Judging from reader feedback, my security ranting last week tapped a visceral vein within the SQL Server community. And with the recent debilitating Denial of Service (DoS) attacks on major Web sites, I couldn't have picked a better time to beat the SQL Server security drum. Here are a few more security horror stories, straight from readers’ email, and some tools and resources you can use to lock down your SQL Server databases.

Greg Gonzalez of Intercerv writes, "Nice and very timely article on SQL Server security, in particular the common issue of either forgetting or neglecting to set an sa password. We recently showed a client how wide open its e-commerce database was. The database used a combination of Remote Data Services (RDS)—basically ODBC over Port 80, installed by default with NT Option Pack—and a SQL Server with no sa password applied. This SQL Server was actually behind a Cisco PIX firewall and had an unpublished IP address, so it wasn’t directly Web-accessible. However, it’s often simply a matter of using RDS to get into a Web box over Port 80, then knowing or guessing a DSN name, SQL Server name, or its internal IP to get to a back-end SQL Server. In this case, thousands of credit cards were exposed--not to mention that with sa permissions, you can run xp_cmdshell, delete files, map shares to other machines, etc."

As Greg alluded to, nefarious types can use the adctest.asp page that ships with the NT 4.0 Option Pack to perform a quick vulnerability check on your system. And several months ago, Intercerv reported a similar RDS attack that used the Microsoft Access ODBC driver. For more information about this RDS_based Access attack, check out the threads.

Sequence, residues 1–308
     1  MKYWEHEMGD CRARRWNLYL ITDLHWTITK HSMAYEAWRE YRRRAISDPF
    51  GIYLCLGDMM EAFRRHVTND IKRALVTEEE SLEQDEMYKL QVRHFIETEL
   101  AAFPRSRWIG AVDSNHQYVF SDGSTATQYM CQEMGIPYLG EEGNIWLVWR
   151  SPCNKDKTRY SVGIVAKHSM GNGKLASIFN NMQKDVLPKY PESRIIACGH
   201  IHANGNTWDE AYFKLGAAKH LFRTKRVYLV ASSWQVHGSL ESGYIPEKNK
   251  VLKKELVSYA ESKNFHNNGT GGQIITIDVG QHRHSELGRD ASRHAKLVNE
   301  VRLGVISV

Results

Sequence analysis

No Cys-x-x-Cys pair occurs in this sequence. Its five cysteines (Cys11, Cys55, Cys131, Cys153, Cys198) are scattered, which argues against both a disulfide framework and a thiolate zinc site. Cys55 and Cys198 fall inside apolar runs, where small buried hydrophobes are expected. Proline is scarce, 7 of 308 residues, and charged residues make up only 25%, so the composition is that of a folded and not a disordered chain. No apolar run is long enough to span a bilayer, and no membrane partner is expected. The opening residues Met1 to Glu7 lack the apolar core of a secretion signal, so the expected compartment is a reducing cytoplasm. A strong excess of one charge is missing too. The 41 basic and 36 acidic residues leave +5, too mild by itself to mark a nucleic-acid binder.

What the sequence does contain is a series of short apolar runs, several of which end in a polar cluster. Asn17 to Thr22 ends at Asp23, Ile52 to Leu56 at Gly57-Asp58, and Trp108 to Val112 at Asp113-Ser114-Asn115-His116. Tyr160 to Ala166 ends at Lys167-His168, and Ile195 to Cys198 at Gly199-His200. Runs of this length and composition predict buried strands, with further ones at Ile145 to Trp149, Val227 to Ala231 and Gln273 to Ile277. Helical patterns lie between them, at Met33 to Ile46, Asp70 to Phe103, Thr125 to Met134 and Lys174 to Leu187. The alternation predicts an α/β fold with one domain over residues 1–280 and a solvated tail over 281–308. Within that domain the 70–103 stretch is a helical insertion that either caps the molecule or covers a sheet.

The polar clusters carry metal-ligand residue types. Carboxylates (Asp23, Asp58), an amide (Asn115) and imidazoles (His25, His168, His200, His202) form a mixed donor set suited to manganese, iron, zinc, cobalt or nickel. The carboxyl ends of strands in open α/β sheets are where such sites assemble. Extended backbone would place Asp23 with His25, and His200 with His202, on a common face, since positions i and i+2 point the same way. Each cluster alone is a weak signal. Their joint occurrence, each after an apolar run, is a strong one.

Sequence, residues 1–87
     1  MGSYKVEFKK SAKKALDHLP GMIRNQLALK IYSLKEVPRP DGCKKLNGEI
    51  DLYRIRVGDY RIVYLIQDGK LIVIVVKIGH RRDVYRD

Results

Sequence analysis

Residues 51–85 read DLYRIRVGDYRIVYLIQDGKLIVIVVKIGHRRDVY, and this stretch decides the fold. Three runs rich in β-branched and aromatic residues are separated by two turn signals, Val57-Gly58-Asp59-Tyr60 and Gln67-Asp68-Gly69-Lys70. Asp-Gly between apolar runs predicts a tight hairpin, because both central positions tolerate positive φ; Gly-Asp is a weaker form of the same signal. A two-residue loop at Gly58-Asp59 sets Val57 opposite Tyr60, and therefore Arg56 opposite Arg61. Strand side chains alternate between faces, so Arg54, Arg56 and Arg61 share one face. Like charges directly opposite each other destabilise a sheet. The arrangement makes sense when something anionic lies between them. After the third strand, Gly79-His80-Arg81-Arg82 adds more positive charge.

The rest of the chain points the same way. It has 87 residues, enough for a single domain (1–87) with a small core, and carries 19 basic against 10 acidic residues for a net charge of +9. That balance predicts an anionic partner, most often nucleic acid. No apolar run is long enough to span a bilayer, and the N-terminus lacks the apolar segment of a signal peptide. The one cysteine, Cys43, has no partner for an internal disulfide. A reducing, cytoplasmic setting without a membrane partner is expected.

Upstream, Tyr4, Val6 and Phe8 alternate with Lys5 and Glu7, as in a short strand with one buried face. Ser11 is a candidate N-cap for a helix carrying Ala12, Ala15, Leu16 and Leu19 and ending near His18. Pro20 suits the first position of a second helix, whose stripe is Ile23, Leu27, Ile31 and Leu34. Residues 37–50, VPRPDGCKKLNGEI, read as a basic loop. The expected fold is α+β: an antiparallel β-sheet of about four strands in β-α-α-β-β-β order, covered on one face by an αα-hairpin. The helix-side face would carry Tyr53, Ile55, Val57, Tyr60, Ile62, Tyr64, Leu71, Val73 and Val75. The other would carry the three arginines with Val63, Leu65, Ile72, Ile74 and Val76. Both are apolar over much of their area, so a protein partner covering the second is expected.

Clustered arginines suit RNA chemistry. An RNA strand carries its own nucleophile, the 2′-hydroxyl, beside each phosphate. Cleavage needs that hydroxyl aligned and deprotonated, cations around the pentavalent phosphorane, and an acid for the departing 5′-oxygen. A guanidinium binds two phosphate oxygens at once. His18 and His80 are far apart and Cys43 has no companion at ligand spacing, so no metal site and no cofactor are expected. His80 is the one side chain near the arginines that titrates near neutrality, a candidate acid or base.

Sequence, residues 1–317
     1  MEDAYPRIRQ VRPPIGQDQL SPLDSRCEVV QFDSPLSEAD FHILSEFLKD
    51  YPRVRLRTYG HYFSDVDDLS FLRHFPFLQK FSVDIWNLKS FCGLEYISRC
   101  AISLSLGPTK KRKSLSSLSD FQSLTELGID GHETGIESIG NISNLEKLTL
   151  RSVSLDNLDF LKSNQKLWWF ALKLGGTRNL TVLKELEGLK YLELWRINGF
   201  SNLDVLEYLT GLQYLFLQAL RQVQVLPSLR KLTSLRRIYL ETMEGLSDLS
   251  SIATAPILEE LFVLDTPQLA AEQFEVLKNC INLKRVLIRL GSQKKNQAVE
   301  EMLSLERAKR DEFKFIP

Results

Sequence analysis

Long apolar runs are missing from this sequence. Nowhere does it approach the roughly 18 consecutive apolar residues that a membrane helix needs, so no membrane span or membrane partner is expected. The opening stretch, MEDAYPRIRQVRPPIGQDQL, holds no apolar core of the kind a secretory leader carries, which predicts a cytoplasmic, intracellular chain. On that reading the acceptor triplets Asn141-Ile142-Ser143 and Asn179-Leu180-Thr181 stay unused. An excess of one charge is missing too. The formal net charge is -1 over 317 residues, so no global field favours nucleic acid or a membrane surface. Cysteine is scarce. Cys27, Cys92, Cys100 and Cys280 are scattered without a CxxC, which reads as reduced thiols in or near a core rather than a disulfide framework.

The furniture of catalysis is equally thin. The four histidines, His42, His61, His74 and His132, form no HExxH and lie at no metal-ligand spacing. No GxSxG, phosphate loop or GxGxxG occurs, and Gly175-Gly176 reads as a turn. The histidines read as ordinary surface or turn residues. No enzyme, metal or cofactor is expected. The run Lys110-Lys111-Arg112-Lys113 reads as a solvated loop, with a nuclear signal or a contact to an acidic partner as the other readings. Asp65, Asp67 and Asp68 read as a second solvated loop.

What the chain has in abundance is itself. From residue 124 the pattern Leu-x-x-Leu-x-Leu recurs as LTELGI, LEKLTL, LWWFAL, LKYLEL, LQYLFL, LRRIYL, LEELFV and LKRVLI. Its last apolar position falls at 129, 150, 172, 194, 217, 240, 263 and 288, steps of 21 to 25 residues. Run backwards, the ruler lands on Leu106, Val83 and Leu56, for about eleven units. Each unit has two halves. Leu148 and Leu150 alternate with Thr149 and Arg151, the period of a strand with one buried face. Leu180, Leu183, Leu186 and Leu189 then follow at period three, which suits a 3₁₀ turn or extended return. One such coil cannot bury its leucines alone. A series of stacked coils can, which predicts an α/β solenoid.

Another reader (a well-known SQL Server expert who remains anonymous to protect his client) writes, "I just left a dot-com company that had a SQL Server exposed to the Internet: null passwords, all ports to the SQL Server wide open. And they wouldn't even let me change passwords or provide any other kind of security because it would break the apps. (Yes, I had credit card numbers in the database.)"

Finally, Chip Andrews of Computer Associates writes, "Good job spreading the word about slack SQL Server security setups. I’ve had a site at http://www.sqlsecurity.com since last year singing the same tune. I'm glad to see SQL Server security issues get some attention. Please keep up the good work!"

We've all worked on or witnessed unsecured databases. Such exposures are scary enough on a closed, private LAN, but they’re downright petrifying now that the Information Superhighway runs right through our vital information systems. The point is still responsibility: Let’s not blame the computer when it’s our laziness and lack of knowledge that leaves our databases unprotected. Education and diligence are our only weapons. Here are a few things you can do to stay on top of SQL Server security:

  • Review the security alerts that many FAQ sites post, such as those at http://www.ntsecurity.net. Also, consider subscribing to the free Windows 2000 Magazine Security UPDATE. I'm working on a comprehensive list of security information resources that I'll share in an upcoming article. (Send me your favorite sites, and I'll include them in the list!)
  • Investigate Database Scanner from Internet Security Systems. Many readers have shared positive comments about this risk-assessment product, which helps identify security exposures. For more information about Database Scanner, you can read a product review by independent consultant Michael Hotek. (Let me know about other SQL Server-focused security products so I can include them in a future column.)
  • Visit Chip’s site, mentioned earlier, for some practical SQL Server security tips and techniques.

Oops! In my January 20 review of upcoming SQL Server shows, I mentioned SQL Connections 2000, slated May 14 through 18 in New Orleans, but I forgot to include a URL for registration information. If you’re interested in attending the show or if you want more information, see http://www.sqlconnections.com.